If you’re in a camping location with cell service, geocaching is the ultimate game to involve the whole family. Geocaching combines technology and the thrill of finding a hidden container full of mystery prizes — talk about irresistible! In fact, there are more than 3 million registered geocaches hidden in more than 190 countries and all you need is a smartphone with GPS capabilities. Download the Geocaching app and create an account before you set off on your camping trip so you can start exploring when you arrive.
A go-to classic, flashlight tag is the perfect camping game to play once night falls. Give the tagger a flash light and play tag as you normally would, except the tagger uses the light of the flashlight to “tag” people. Once a player is “tagged,” they are out and play continues until everyone has been caught.
The perfect game to play on a hot day, especially if your campsite is located near a lake or river. Each person needs a drinking cup to play. Players stand in a single file line, facing the same direction. The person at the front of the line has a full cup of water and everyone else’s cups are empty. The first player dumps the water out over their head into the next person’s cup (without turning to look). The person behind tries to catch as much water as they can. Play continues down the line until the last person catches the water in their cup. The relay continues as players race to the front of the line to start over — as long as nobody’s out of water yet!
Sleeping Bag Races
Sleeping bag races work just like potato sack races, only you substitute the burlap bags for — you guessed it — your sleeping bags to hop across the finish line. If you’d rather not dirty your sleeping bags, try using plastic trash bags.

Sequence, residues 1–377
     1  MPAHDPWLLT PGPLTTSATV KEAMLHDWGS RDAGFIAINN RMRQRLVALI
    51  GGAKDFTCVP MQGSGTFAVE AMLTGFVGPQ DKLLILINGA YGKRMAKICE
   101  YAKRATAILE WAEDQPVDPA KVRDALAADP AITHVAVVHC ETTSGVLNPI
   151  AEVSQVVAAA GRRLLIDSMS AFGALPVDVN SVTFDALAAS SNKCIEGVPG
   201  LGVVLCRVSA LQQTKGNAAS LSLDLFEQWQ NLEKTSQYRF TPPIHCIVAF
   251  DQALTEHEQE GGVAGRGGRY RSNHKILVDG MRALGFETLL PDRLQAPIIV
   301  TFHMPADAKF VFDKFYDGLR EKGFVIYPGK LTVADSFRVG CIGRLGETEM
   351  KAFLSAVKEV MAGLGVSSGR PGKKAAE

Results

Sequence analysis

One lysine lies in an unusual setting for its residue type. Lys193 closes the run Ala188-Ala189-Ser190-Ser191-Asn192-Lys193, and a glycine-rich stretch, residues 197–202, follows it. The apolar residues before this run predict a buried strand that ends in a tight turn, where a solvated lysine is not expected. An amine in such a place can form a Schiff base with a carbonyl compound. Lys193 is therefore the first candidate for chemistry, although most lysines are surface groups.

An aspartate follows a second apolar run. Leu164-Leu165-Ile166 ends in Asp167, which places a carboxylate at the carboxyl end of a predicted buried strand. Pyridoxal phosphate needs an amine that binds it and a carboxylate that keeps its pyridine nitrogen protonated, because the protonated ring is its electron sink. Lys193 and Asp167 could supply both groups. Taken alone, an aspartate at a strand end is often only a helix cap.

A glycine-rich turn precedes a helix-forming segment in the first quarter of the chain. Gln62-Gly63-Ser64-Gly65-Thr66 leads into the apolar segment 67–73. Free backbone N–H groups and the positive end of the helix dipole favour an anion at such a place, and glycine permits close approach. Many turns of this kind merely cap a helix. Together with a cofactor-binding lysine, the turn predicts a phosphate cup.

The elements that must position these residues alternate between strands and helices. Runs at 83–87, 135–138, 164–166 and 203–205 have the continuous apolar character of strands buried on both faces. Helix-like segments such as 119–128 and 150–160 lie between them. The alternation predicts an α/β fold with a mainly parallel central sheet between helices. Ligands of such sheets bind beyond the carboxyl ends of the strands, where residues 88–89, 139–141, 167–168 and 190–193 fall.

Glow Stick Ring Toss
Plan ahead for this game by packing glow sticks in your camping supplies — also a great way to spot your kids in a dark campsite. Give each player three to five glow stick rings, then dig a stick into the dirt so that it pokes up out of the ground. Take turns trying to throw your glow stick rings over the stick.
Using a large area to play and pre-set boundary lines, one player is chosen to be the park ranger. The park ranger begins in the center and the other players stand in a line shoulder-to-shoulder facing the park ranger. Next, each player chooses an animal they want to be — keeping it a secret from the other players! The park ranger then says a characteristic that the other players’ animals may have. If a player’s animal does not have a feature that was mentioned, they must run across the area before getting tagged. The park ranger should attempt to tag as many players as possible. Tagged players become trees where they cannot move their feet. The last person who is not a tree wins.
Putting on your own camping Olympics is a great way to involve the whole family, or even some of your camping neighbors. Set up a variety of games that players can rotate between. We suggest ideas like a bean bag toss, tug of war, jumping rope or the scavenger hunt listed above. Come up with a scoring system and award prizes accordingly.
No matter where you set off to this summer, the key to a successful camping adventure is always preparation and these games are a great start to make sure there are fun filled activities throughout your whole trip. These camping printables are bound to personalize your child’s camping adventure and get them excited for the next time you hit the road and explore the great outdoors.